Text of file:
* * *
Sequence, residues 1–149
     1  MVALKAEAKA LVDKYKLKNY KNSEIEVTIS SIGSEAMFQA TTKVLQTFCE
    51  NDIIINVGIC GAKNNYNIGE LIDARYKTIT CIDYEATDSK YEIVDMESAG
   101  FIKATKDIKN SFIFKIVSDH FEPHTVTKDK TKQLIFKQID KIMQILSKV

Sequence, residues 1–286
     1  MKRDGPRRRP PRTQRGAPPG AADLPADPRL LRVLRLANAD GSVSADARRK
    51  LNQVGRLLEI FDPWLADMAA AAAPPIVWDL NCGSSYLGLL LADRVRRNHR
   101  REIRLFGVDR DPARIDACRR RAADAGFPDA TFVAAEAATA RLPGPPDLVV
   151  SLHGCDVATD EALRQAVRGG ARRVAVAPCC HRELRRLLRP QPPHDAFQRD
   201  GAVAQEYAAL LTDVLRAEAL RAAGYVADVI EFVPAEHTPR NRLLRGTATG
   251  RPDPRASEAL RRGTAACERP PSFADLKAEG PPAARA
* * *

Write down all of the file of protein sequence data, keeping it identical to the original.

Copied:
Sequence, residues 1–149
     1  MVALKAEAKA LVDKYKLKNY KNSEIEVTIS SIGSEAMFQA TTKVLQTFCE
    51  NDIIINVGIC GAKNNYNIGE LIDARYKTIT CIDYEATDSK YEIVDMESAG
   101  FIKATKDIKN SFIFKIVSDH FEPHTVTKDK TKQLIFKQID KIMQILSKV

Sequence, residues 1–286
     1  MKRDGPRRRP PRTQRGAPPG AADLPADPRL LRVLRLANAD GSVSADARRK
    51  LNQVGRLLEI FDPWLADMAA AAAPPIVWDL NCGSSYLGLL LADRVRRNHR
   101  REIRLFGVDR DPARIDACRR RAADAGFPDA TFVAAEAATA RLPGPPDLVV
   151  SLHGCDVATD EALRQAVRGG ARRVAVAPCC HRELRRLLRP QPPHDAFQRD
   201  GAVAQEYAAL LTDVLRAEAL RAAGYVADVI EFVPAEHTPR NRLLRGTATG
   251  RPDPRASEAL RRGTAACERP PSFADLKAEG PPAARA